Reading command line input

In general, Tcl reads the arguments following the script name as a list and creates the following three variables:

  • argv: A Tcl list containing all of the arguments in the command line
  • argc: A count of the number of arguments in the lists
  • argv0: The script name.

For example, the following script uses all three variables. This is a simple command in the form

>/bin/sh name name name

where name is a person’s name, such as Mary or Joe. If you want to use first and last name, surround the name with quotes, for example “Jane Smith”.

Note:   This code sample demonstrates starting ADEdit from a shell script. The subsequent examples use the executable file model.

# This script takes a list of names and displays it 
# \
exec adedit "$0" ${1+"$@"}
package require ade_lib
if { $argc == 0 } {
             puts "Command format: $argv0 name name ..."
             exit 1
set total $argc
puts "
The following people are in the marketing department"
while {$total > 0} {
              incr total -1
              puts   "[lindex $argv $total]"

The first if statement uses the count, argc, to determine if any arguments have been entered. If the argc value is equal to zero, the user did not enter any names and the script displays the command format message. The argc counter is used again to set the total count of names entered for the while loop. Inside the loop, the names are drawn from the argv list.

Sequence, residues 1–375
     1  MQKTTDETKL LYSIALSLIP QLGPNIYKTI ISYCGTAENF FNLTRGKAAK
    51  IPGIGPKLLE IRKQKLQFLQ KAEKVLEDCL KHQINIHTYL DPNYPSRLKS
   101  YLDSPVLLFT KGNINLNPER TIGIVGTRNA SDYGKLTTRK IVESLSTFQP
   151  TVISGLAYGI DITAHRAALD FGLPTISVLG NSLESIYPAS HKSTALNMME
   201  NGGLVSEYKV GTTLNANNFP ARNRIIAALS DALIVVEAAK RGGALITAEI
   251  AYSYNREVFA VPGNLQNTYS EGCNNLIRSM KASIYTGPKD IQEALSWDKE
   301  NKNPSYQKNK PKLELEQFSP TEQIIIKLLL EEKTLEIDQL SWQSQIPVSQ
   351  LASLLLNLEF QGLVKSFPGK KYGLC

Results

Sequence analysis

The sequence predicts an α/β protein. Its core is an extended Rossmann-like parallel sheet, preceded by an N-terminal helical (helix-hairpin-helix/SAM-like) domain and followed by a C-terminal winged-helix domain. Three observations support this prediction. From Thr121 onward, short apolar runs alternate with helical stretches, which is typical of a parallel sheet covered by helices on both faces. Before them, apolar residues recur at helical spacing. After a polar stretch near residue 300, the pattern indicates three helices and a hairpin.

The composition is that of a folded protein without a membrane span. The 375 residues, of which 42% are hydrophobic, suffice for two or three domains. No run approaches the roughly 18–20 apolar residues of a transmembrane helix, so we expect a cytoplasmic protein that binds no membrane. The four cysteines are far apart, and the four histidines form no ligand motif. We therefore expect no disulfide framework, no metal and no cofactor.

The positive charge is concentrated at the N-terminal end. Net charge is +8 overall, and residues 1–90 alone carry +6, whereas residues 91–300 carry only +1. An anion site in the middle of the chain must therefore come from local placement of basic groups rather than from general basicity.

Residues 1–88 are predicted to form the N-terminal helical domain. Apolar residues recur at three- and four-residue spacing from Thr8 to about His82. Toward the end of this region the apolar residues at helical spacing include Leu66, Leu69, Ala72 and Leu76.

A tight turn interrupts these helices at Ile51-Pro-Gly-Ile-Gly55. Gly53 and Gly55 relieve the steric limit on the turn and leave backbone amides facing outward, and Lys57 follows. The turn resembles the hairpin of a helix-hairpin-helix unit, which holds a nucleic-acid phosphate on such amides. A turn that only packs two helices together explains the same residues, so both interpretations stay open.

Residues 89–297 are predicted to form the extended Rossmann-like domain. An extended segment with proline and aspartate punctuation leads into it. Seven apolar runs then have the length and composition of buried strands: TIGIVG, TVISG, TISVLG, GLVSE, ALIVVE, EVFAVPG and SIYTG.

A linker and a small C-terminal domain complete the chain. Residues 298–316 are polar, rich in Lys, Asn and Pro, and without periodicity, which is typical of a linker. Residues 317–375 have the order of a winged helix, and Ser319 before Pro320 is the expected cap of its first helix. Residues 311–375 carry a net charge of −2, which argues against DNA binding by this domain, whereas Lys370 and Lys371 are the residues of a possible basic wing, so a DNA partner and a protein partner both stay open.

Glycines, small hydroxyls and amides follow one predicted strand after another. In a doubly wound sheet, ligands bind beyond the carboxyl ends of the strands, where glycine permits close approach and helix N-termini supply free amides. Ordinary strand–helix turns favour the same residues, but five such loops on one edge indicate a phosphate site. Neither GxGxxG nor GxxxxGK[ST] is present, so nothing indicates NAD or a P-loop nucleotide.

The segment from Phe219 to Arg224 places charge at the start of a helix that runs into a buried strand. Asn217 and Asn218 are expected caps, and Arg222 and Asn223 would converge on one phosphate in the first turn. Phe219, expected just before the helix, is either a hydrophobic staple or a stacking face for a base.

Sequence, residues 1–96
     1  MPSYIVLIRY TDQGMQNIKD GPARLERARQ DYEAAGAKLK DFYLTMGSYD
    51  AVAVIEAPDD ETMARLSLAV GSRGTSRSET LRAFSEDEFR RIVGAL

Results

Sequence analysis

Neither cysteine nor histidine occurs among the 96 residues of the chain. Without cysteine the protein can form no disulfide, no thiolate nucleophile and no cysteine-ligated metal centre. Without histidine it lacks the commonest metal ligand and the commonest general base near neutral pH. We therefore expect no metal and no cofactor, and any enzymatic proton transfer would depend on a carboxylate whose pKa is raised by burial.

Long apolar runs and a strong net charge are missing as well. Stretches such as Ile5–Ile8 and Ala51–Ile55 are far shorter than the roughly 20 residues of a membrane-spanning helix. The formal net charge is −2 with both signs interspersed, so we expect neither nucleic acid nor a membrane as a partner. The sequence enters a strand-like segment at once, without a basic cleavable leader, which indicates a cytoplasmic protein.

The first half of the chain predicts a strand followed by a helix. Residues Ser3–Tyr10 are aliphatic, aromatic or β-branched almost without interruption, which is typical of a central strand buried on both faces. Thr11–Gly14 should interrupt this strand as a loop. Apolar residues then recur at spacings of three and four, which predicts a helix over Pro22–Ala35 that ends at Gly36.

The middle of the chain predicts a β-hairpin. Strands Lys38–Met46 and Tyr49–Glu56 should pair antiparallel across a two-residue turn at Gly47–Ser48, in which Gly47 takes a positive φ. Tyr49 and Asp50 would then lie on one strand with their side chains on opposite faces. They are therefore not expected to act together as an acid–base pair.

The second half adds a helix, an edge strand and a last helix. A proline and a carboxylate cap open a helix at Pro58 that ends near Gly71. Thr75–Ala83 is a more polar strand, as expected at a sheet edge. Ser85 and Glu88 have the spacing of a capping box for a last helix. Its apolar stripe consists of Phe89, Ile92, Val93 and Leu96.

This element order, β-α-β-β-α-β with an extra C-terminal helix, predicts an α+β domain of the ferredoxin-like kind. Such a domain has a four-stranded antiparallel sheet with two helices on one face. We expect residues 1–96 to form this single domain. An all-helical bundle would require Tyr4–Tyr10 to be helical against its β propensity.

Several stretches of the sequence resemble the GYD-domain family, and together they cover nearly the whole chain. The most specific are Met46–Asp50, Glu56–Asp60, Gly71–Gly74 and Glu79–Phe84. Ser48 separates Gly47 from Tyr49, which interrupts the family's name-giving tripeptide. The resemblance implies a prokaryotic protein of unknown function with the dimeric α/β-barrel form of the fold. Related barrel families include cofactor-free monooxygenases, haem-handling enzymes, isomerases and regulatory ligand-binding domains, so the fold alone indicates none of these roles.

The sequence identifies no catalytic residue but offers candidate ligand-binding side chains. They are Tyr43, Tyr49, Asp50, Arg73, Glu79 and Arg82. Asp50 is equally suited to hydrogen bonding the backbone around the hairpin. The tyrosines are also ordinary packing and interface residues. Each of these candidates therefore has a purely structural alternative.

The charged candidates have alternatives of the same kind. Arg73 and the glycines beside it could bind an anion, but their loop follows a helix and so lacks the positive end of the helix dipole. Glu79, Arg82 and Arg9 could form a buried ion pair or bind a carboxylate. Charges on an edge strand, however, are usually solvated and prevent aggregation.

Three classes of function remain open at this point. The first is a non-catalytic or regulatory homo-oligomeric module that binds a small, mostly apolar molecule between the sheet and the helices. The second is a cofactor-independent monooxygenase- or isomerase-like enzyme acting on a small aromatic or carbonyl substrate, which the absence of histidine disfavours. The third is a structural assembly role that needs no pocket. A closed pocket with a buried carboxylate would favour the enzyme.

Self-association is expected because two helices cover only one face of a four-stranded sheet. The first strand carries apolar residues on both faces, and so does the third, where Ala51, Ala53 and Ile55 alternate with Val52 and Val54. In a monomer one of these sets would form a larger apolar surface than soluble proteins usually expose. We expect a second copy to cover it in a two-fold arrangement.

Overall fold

Another useful command for parsing command line options is getopt. This command derives from, but is different than, the Tcl getopt command. The ADEdit getopt command has the following syntax:

getopt _argv name ?-var?


  • _argv is the Tcl list that contains the command line arguments.
  • name is a label for the associated data.
  • ?_var? is the variable name for the data.

For example, the following script illustrates the use of getopt to define the user and group variables that will be used later in the script.

This script also demonstrates how to use a procedure, usage, that prompts the user when she doesn’t enter all of the arguments. usage first displays the full command syntax and then the missing argument.

Note:   The user and password arguments are optional. If the user enters a user name without the password, the bind program automatically prompts for the password. You do not need to include that prompt in the script.


#!/bin/env adedit
# This script takes a domain name and optionally user name and password
# and binds the user to the specified domain.
# If the user does not specify a user name or password, she is prompted.
package require ade_lib
proc usage {msg} {
              puts {usage: -d <domain> [-u <user>] [-p <password>]}
              puts $msg
              exit 1
if {[getopt argv -d domain] == 0} {
              usage "Missing Domain, ex. centrify.demo"
if {[getopt argv -u user] != 0} {
      if {[getopt argv -p password]} {
              bind $domain $user $password
       } else {
        bind $domain $user} 
              } else {
    puts "Enter administrator name:"
              gets stdin user
              bind $domain $user
puts "
Binding complete to $domain."